Dr. Lewis: No, I do not think they will give him a peerage. His career as a town councillor in his local area in New Forest, West had lasted less than nine months from beginning to end. This fiasco followed hard on the heels of an even shorter dalliance as a trustee of an educational charity—the Vocational Training Charitable Trust—to whose board he had been formally elected at
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an annual general meeting on 4 October 2005. Such was his disruptive behaviour that, after attending only two meetings, he was twice asked to resign by the other trustees. He did so on 6 December, only two months later. [Hon. Members: “More! More!”] I must ask colleagues to restrain themselves, as I need to get through my speech in the time allowed.

All this shows a consistent pattern of deviousness and disruption. Normally, one would simply write Scriven off as a malevolent failure and put one’s faith in the good sense of the voters when the election is called. However, this brings me back to where I began, for Terry Scriven has finally had a success. He has managed to get the News of the World to publish a story falsely accusing me of hardly ever “visiting”, as it puts it, the home in my constituency where I have lived continuously for the past 11 years when I am not at Westminster. My genuine neighbours state, correctly, that I am constantly using my home, yet unnamed people, described as “neighbours” and “locals”, supposedly told the newspaper that I am “HARDLY THERE”—the quote is all in capitals—enabling it to denounce me for claiming my parliamentary allowance on my London flat, which I am perfectly entitled to do. The newspaper’s story contained one factual item: the date on which I changed my main home designation from my flat in London to my house in my constituency. That had never been published before, but it had been disclosed by the House of Commons to Terry Scriven and to nobody else on 11 July 2008, at the same time as his freedom of information request for my home address in London was rightly rejected.

As Mr. Scriven never responds to any questions that I put to him, other than to accuse me of trying to “intimidate” him by asking them, I had my solicitor write to him on 12 March pointing out that it appeared that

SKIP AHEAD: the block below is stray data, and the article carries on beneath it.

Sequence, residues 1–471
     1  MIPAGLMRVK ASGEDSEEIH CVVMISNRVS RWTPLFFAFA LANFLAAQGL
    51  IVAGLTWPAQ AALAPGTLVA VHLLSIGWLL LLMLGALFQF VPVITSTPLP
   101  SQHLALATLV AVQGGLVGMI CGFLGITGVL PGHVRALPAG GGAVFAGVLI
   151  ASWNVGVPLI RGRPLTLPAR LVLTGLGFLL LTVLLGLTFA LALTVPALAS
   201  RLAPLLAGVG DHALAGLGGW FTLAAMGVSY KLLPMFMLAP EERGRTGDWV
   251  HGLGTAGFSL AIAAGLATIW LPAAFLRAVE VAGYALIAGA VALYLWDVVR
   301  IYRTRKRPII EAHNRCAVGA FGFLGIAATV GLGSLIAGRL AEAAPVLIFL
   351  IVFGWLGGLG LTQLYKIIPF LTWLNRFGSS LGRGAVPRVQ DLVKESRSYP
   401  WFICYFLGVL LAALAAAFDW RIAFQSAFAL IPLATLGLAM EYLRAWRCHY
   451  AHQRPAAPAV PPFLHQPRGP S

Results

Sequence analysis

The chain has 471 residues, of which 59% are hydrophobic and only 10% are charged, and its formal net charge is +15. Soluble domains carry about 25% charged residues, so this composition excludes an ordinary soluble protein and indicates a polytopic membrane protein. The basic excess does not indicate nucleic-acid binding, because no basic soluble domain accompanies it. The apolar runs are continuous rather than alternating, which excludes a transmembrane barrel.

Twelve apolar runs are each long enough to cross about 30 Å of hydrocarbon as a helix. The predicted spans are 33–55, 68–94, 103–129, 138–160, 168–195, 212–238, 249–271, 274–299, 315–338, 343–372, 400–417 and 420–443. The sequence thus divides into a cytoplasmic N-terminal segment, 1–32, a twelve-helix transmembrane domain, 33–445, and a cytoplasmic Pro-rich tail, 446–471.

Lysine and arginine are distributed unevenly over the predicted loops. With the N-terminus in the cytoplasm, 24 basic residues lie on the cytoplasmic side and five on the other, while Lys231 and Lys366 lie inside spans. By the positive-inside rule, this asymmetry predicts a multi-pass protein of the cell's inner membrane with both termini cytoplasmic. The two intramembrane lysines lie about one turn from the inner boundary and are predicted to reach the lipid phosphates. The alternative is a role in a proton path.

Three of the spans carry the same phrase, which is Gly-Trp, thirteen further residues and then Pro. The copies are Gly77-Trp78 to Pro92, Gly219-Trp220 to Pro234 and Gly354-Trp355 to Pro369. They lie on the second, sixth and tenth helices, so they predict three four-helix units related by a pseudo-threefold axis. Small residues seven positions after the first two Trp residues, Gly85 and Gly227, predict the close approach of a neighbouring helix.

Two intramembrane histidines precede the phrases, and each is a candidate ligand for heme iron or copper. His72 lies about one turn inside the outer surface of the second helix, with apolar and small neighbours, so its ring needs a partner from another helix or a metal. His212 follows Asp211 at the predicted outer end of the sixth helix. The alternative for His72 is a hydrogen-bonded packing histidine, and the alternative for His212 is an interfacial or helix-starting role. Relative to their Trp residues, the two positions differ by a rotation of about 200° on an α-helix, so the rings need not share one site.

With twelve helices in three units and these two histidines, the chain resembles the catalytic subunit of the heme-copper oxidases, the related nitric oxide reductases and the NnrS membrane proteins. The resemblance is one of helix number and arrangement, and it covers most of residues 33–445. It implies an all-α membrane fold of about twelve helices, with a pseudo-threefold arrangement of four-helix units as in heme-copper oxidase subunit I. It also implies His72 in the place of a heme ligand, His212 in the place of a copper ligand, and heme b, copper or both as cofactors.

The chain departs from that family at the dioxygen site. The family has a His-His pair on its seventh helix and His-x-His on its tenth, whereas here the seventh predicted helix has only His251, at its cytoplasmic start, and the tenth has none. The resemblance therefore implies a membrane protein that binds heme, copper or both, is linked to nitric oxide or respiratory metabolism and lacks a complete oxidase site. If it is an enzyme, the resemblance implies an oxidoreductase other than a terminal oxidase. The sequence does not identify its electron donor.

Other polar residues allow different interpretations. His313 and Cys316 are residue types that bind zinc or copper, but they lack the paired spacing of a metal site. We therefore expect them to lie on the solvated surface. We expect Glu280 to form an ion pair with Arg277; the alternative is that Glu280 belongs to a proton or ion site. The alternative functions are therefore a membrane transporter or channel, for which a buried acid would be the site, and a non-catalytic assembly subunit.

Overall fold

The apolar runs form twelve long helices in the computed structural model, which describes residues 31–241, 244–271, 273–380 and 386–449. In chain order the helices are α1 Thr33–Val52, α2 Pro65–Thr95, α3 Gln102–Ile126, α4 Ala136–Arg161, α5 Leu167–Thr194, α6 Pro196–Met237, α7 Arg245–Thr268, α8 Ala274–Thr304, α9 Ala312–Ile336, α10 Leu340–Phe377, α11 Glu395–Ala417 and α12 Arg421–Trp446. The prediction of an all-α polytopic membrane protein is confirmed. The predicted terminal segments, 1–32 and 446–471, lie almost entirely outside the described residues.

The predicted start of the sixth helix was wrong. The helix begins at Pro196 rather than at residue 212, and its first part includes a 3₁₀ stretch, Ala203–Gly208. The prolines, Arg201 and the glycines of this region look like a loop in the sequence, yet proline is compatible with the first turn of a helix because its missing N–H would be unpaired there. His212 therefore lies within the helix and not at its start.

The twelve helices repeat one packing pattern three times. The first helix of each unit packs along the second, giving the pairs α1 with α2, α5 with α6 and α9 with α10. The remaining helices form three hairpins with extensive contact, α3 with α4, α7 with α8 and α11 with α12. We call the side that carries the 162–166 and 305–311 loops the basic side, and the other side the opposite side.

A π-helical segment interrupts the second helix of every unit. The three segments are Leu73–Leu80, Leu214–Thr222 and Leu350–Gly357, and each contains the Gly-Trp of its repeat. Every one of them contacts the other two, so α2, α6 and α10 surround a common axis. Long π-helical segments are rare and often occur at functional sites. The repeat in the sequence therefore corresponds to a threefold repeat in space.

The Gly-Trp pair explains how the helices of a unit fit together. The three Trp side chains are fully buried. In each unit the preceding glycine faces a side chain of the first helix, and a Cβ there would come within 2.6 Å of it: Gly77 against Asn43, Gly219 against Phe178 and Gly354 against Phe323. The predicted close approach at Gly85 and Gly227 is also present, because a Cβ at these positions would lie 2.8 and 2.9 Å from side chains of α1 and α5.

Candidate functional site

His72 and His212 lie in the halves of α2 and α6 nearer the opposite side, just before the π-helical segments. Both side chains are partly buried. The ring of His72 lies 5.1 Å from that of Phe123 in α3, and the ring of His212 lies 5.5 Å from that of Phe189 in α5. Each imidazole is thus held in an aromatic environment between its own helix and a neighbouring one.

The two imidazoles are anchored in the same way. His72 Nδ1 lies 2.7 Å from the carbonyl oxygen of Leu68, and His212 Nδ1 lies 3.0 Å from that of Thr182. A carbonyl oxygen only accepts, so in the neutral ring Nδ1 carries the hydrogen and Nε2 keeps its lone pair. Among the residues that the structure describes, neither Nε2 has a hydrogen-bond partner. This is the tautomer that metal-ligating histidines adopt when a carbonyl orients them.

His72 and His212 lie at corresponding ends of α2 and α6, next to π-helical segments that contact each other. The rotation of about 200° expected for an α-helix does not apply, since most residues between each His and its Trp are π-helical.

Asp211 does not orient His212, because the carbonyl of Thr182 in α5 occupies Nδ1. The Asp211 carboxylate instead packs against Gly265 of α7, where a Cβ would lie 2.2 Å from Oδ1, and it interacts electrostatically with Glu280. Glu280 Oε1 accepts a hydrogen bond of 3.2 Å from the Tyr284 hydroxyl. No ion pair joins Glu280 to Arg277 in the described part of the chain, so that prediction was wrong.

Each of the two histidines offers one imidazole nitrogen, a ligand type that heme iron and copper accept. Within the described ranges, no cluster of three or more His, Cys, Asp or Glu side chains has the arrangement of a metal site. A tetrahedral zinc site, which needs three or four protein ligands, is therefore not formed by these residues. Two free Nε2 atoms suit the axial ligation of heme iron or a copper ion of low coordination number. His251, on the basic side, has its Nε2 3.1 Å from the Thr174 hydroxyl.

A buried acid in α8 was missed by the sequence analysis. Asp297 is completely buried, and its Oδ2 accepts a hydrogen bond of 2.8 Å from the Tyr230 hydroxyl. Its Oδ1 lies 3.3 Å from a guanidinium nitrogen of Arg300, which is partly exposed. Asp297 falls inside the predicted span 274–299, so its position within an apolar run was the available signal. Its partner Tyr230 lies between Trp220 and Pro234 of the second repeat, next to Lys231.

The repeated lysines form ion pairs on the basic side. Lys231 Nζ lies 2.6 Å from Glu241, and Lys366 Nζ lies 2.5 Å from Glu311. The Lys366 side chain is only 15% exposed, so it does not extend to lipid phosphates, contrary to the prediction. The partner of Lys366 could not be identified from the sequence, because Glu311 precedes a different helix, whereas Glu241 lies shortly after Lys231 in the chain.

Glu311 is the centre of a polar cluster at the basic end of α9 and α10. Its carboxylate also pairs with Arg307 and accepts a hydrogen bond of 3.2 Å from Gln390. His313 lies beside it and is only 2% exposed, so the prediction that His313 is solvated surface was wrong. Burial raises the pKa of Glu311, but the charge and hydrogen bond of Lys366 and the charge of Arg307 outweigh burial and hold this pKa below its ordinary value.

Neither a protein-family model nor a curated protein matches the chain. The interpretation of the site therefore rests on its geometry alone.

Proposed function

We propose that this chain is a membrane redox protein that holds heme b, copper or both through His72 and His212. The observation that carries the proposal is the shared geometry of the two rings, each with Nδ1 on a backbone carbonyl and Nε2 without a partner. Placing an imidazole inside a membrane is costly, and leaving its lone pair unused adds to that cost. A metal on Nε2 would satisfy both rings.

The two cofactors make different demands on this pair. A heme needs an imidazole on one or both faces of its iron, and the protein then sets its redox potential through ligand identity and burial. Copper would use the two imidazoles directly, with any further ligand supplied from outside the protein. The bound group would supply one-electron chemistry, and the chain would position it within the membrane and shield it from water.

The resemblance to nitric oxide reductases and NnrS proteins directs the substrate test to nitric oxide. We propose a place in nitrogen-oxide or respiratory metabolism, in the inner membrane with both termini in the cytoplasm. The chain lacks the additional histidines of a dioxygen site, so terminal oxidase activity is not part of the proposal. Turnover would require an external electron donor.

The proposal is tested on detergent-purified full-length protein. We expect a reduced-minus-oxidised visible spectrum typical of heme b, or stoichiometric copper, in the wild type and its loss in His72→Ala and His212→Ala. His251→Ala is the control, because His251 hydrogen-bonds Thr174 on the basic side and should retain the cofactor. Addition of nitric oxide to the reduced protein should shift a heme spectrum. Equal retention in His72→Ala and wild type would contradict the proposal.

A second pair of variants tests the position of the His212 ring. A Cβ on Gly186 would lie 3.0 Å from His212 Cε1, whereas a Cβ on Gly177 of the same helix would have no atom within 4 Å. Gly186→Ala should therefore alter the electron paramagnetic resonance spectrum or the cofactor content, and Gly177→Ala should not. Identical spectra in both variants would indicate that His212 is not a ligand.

News of the World

The letter gave him

It concluded as follows:

I am doing that tonight—

Mr. Scriven replied on 20 March stating that he had

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What Scriven did not do in this letter was to deny for one moment that he had indeed been the initiator of the News of the World smear. As my solicitor has now informed him, the only reason that a “pile of other letters” exists has been his own behaviour towards me and my staff, and his constant evasion of all questions put to him about it.

I have little doubt that at some point during the next general election campaign Mr. Scriven will seek to distribute, perhaps unattributably, and perhaps with its date removed in order to make it look current, large numbers of copies of the News of the World smear story against me—that is, assuming that decent Liberal Democrats who, unlike Terry Scriven, actually live in the New Forest, East constituency, have not finally realised that they made a disastrous mistake in selecting as their candidate someone whose behaviour makes him unfit for any elected position in public life.

My only defence against the covert tactics of this man is to bring them out into the open in the hope of inoculating the community against their intended effects. I have given him numerous opportunities to explain and justify his conduct, and his only response has been to claim to feel intimidated by me—that is the classic refrain of the bully when an intended victim actually stands up to him. What can we expect next? Will it be a press smear against Sir Neil Thorne or the armed forces parliamentary scheme, or just another smear against me, as a shadow Defence Minister, for daring to spend so much time with the military? Can we expect a demand for the abolition of parliamentary privilege, so that hon. Members cannot rebut scurrilous critics such as Mr. Scriven? Actually—I am not making this up—he has tried that one already. Perhaps we can expect a police raid on my home, because Terry Scriven feels “intimidated” by my asking him to confirm or deny his role in the News of the World smear.